There was a popular uprising in Kyrgyzstan. One could even call it a revolution–with its chaos, blood, marauding, and looting. There are even reports that several thousand Kyrgyz have even started to seize land outside of Bishkek for “unauthorized construction.” Indeed, on the streets the bacchanalia of revolution was and is in the air as people’s pent up frustrations exploded. This was no nice, liberal “colored revolution” where the “people” peacefully gathered and demonstrated against violations of the “democratic process.” Nor were their voices funneled into a reified, safe paradigm of human rights and democracy provided by spokespeople and PR operatives. If there is any proof of the spontaneity of this revolution, it is the fact that, as Luke Harding wrote in the Guardian, the social explosion was “so sudden and ferocious that nobody has had a chance to give it a name yet.” Namely, that there was no time to polish it up, brand it, and sell it to the international, i.e. Western, media. The fact that there is no name speaks to the revolution’s raw materiality, materiality that evades the anesthetizing ether of virtual politics.
The social explosion from below, however, doesn’t preclude the power struggle above. In fact, it only allowed for the latter to fully break out into the open. As people who know something about the politics in this small, landlocked poor ex-Soviet Republic assert, when it comes to the big politics this week’s “revolution” was nothing more than musical chairs between elite clans.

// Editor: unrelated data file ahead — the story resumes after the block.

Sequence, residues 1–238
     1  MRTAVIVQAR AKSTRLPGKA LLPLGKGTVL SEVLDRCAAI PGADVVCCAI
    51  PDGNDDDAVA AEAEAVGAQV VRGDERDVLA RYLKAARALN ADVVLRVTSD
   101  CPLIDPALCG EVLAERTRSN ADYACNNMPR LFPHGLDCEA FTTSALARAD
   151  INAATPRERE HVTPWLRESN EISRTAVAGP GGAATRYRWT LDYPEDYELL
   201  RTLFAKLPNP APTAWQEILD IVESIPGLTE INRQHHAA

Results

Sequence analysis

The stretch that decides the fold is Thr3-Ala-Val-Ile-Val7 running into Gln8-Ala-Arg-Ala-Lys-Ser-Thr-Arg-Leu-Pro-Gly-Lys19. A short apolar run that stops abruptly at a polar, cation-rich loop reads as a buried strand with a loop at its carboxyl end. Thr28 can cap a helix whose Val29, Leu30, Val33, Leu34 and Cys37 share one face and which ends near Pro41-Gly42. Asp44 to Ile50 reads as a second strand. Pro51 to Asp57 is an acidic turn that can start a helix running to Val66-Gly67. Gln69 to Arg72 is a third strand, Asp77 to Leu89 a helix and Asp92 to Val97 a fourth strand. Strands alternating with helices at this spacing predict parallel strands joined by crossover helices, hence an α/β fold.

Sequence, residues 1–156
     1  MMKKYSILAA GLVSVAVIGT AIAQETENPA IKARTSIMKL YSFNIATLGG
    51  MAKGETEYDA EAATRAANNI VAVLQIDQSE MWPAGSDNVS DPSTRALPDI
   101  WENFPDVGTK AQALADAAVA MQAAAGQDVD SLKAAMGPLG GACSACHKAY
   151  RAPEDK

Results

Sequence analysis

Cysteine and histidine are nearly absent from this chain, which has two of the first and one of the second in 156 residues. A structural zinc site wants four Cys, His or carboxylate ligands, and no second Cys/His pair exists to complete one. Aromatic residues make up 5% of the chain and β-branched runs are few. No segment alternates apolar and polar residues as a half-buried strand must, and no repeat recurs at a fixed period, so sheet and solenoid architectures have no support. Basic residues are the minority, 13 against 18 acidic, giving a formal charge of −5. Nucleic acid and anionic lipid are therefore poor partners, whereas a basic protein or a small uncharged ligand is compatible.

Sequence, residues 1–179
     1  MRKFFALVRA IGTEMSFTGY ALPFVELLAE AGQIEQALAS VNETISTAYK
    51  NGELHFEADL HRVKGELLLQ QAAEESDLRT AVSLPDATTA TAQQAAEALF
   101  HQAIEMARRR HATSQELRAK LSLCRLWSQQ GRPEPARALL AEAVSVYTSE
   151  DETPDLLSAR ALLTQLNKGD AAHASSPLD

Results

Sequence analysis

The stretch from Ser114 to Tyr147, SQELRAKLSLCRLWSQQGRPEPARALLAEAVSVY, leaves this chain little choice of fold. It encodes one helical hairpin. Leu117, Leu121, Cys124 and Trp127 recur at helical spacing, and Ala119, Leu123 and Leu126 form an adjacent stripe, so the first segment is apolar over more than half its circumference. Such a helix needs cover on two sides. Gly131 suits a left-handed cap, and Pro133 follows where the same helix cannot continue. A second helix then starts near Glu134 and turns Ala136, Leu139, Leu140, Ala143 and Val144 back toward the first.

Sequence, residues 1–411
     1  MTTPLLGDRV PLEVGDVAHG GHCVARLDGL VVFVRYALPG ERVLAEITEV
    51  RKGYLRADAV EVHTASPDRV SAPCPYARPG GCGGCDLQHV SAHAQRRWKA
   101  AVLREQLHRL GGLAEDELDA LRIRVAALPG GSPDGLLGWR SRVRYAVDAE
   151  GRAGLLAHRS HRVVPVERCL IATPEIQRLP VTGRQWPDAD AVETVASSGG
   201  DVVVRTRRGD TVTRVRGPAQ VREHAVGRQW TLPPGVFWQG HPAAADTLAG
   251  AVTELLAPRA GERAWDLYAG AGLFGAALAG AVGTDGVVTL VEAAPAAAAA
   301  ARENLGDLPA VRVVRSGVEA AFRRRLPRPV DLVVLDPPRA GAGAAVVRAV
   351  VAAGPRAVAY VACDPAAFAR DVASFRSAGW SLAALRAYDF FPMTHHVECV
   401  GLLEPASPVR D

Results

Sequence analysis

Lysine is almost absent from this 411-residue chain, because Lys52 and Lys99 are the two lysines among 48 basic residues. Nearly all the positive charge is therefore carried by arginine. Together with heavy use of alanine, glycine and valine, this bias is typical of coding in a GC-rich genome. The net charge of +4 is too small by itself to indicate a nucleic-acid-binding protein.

“Let me be clear: What happened on Wednesday was not a revolution — it was a hijacking,” writes Eric McGlinchey, professor of politics at George Mason U, in the NY Times. McGlinchey gives the telling image of his morning jogs in Bishkek’s central stadium. While he laps, members of the Kyrgyz political elite gather and chat. He writes:
Some of my stadium acquaintances hold positions of power. Others do not. This week, those on the in and those on the out swapped places. I’m certain, though, that it will be the same gaggle at the track next week, negotiating ever-changing alliances while the rest of Bishkek sleeps.
For those unfamiliar with Kyrgyz politics, it must appear strange that Roza Otunbayeva, who emerged from this week’s coup as the nation’s interim leader, was foreign minister for both Kyrgyzstan’s first president, Askar Akayev, and for the man who ousted Mr. Akayev, Kurmanbek Bakiyev (who himself was forced to flee Bishkek on Wednesday). Stranger still is that after each stint Ms. Otunbayeva subsequently joined the “opposition” and played a central role in the downfall of her boss.
As my experience at the stadium shows, however, concepts like opposition and political parties prove an uncomfortable fit with Kyrgyz politics. The press would do well to drop these terms and begin to analyze the political dynamic for what it actually is — a handful of political elites going in circles — rather
than in terms suggestive of what we hope Kyrgyzstan can become, a competitive democracy.